Dendrobium Smilliae aka Bottlebrush orchid

The flower and the extra long stalks are a show stopper once the plant fills out. It’s pretty cool even now.

Epiphyte, warm growing (70’F-86’F), bright, filtered light, high humidity. Keep wet in summer months, a bit drier in the winter. The drying in the winter is a trigger for blooming. It’s planted in semi-hydro ( small pebbles in a shallow glass container with about an inch of water at the bottom)

Australian and New Guinea native, typically found in low land areas growing in the branches of trees and rocks in a bog forest.

This is one of a few orchids that is pollinated by birds, the yellow honeyeater is a small, yellow, hummingbird like bird that hovers near the flowers, feeds on the nectar and pollinates the orchid in the process.

I’ll fill in more details after I have more time with this one, It was just acquired it at the orchid show last month.

Encyclia Green Hornet ( cochleata x trulla) aka octopus orchid


I first saw this at the Houston Orchid Show and was lucky enough to find a vendor with one for sale. It reminds me of little space aliens descending.

I’ve only had it a month, so I’m still relying on basic orchid care for Encyclias: keep warm, medium light. I have it potted in a glass container with clay pellets ( semi-hydro ). Most orchids require cooler weather to bloom, time will tell if this one does as well. One greenhouse claims it is a winter bloomer, which means a temperature drop will be required. Others claim it is a year round bloomer, in which case no temperature drop is required. Time will tell.

It should max out between 12″-18″ in height

It is supposed to be a scented orchid, I haven’t noticed any scent yet.

The forums claim it is a fast growing, easy to care for plant

I’ve seen it listed as a cross between cochleata x trulla and cochleatum x lancifolium

I’ll upload better photos and care tips after I have time to see how it does.

Lycoris radiata ( Red Spider Lily, Hurricane Lily, Corpse Flower )

Hurricane lily blooming 3rd week of Sept

Like most flowering bulbs in Houston this is a member of the Amaryllidaceae family. It only flowers after heavy rainfalls. I had forgotten all about it, and there it was blooming as I left for a morning run. It’s been a rainier year than usual. The total rainfall is typical, the frequency is much higher.

First brought to US in 1854 when Japan and the US opened trade. They are planted in Asia along the edges of rice patties to keep rodents out of the rice.

Prefers full sun, this one is in shade with dappled light only.
Not frost hardy, but this one has been out there for several years, through several cold winters.
Toxic: I think all lilies and Amaryllis are toxic
Prefers lots of water, does best along the edges of rivers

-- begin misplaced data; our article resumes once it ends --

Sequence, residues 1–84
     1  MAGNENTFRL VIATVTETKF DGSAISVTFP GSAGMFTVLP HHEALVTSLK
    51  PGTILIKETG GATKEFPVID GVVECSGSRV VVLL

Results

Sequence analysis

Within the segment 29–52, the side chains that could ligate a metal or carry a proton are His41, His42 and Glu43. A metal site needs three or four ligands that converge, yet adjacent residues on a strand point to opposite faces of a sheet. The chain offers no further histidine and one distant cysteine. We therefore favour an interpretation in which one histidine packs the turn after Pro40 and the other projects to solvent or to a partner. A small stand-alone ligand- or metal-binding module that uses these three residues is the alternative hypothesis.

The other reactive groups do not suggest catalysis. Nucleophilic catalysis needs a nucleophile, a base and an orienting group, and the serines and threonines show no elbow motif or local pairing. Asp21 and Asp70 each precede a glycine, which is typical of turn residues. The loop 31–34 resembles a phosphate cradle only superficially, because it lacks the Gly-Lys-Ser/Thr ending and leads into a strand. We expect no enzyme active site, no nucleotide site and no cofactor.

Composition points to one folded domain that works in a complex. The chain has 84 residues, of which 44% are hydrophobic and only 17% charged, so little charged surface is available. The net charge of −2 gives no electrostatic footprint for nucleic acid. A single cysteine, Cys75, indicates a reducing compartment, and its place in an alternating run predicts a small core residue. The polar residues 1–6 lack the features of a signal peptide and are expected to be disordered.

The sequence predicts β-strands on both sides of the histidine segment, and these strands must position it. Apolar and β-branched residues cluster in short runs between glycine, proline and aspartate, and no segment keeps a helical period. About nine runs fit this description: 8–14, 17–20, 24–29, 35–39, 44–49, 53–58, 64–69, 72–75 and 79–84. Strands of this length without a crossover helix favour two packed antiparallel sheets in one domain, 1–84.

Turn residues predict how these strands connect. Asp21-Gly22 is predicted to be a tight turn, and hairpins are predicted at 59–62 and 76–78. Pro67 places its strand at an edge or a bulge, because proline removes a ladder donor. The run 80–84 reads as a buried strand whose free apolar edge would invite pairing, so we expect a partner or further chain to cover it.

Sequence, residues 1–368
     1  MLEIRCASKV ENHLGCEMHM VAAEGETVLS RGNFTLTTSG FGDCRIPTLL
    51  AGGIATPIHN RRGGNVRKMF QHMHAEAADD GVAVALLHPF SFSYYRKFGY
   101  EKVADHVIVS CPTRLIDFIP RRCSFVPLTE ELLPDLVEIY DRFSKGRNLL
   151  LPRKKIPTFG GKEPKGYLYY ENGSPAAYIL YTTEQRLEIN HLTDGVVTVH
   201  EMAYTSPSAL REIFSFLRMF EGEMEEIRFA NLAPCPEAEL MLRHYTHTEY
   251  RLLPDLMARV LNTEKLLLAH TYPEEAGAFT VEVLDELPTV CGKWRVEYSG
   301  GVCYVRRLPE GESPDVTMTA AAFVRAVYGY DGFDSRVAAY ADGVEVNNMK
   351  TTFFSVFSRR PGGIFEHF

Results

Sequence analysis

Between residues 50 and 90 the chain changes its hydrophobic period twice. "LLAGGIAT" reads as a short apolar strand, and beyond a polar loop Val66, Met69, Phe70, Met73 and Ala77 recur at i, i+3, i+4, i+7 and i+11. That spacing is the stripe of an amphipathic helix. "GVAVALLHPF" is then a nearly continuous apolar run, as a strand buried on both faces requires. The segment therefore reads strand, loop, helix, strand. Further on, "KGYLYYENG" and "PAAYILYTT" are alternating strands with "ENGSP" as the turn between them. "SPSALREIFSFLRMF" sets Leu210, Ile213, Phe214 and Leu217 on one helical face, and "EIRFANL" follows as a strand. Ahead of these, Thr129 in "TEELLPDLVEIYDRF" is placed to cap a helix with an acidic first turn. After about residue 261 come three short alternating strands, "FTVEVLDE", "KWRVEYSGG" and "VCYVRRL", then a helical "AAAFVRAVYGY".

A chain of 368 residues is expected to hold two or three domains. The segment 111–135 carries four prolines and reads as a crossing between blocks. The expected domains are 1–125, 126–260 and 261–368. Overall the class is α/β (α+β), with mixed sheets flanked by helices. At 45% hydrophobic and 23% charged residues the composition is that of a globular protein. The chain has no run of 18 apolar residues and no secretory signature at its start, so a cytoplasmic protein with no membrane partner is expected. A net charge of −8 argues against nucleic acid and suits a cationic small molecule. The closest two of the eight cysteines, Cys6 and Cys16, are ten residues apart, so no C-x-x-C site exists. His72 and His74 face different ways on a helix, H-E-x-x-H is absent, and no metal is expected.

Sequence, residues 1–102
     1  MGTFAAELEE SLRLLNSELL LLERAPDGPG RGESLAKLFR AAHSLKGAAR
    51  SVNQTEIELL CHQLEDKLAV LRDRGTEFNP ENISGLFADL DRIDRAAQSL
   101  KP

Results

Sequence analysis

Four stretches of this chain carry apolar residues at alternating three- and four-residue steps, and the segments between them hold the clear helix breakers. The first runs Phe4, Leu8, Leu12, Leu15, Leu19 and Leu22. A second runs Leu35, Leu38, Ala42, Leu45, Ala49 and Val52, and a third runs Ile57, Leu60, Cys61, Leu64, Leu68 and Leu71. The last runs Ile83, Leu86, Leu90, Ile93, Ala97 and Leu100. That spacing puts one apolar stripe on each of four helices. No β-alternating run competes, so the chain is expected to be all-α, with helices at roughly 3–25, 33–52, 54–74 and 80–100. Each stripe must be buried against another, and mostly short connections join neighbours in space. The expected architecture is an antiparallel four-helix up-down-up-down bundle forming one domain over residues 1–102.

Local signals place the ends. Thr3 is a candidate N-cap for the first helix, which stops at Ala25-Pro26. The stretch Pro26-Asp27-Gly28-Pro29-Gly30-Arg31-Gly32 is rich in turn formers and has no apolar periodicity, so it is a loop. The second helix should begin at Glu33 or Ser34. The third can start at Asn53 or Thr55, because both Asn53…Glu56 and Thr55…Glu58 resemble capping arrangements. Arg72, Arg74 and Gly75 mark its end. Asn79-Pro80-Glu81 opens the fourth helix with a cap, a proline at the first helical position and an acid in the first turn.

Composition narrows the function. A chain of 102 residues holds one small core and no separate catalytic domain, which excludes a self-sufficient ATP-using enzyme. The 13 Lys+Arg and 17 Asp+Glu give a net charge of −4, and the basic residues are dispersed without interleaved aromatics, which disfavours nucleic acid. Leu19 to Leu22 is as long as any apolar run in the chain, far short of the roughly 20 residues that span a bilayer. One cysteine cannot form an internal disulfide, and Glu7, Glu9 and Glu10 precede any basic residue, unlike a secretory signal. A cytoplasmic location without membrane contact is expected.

Blooms in Autumn after heavy rain
Propagate by division
Planting depth ~4″

Origin: China, Korea, Nepal

Acer macrophyllum aka Big Leaf Maple aka Oregon Maple

This plant caught my eye along a pathway through the woods. I’d swear I’d never seen it before but now that I’ve ID it I seem to keep finding it. Every one I’ve found has been along a pathway at the edge of a heavily wooded area.

Its leaves are the largest of any maple, fitting its large size when grown in the right climate

It can grow over 150′, usually tops out at about 20′, spreading wider than its height. Not suitable for home gardens because of its size and water demands.

Native to wet areas along the western coast and mountains of the US. Doesn’t handle frosts well or droughts

Zones 5-9
Full sun to full shade

The Wild Garden, Acer mactophyllum
Fire effects of Acer macrophyllum

Justicia chrysostephana “Orange Flame”

This is a pretty easy plant to grow. I’ve had it in part sun – full shade and it happily grows and flowers all summer. Drought tolerant, but like most plants prefers damp, well drained soil. It starts blooming as soon as it leafs out and keeps blooming until well into winter.

It’s rated to 20’F but I find it dies back to the ground if winter temps go below freezing, and returns from the roots mid-spring.

There is also a yellow flowered variety, old Victorians claim there is also a pink variety

Loved by hummingbirds and bees

Grows rapidly
Grows 4′-6′ tall
Rated for zones 9b-11

Easy to grow from cuttings, plant in spring

If you’re in the Houston area it can often be found at Master Gardener Plant Sales

Vanilla planifolia

Vanilla cuttings getting started outside[/caption]

I’ve grown this off and on for years and have yet to manage a single flower. As a vine it is easy to grow.

Grow in dappled shade to shade, burns easily in direct sunlight. Keep planting medium moist, loves high humidity.

Propagate from stem cuttings

Warm climate orchid 65’F minimum – 85’F. I keep it outside in the summer where it handles temperatures as high as 100’F. In the winters I bring it in and curl up the vine inside large terrariums

Native to Mexico, West Indies, Cuba where it grows wild in forests

Why One Island Grows 80% of the World’s Vanilla

Kew Science, Vanilla planifolia

Button Bush (Cephalanthus occidentalis)

This is a deciduous shrub in zone 5 through 10. It blooms early summer with fragrant white spherical flowers. I’ve only seen it at the edge of wetlands growing wild.

The branches were used by Native Americans in arrows and stick games

Leaves contain glucosides, may cause skin rashes, severe toxin if ingested – keep from humans and pets

Sun to part shade
5′-15′ tall
4′-8′ spread
prefers wet soil, wetlands
Attracts butterflies, bees and hummingbirds

Easily grown from stem cuttings, challenging to grow from seed

Native to US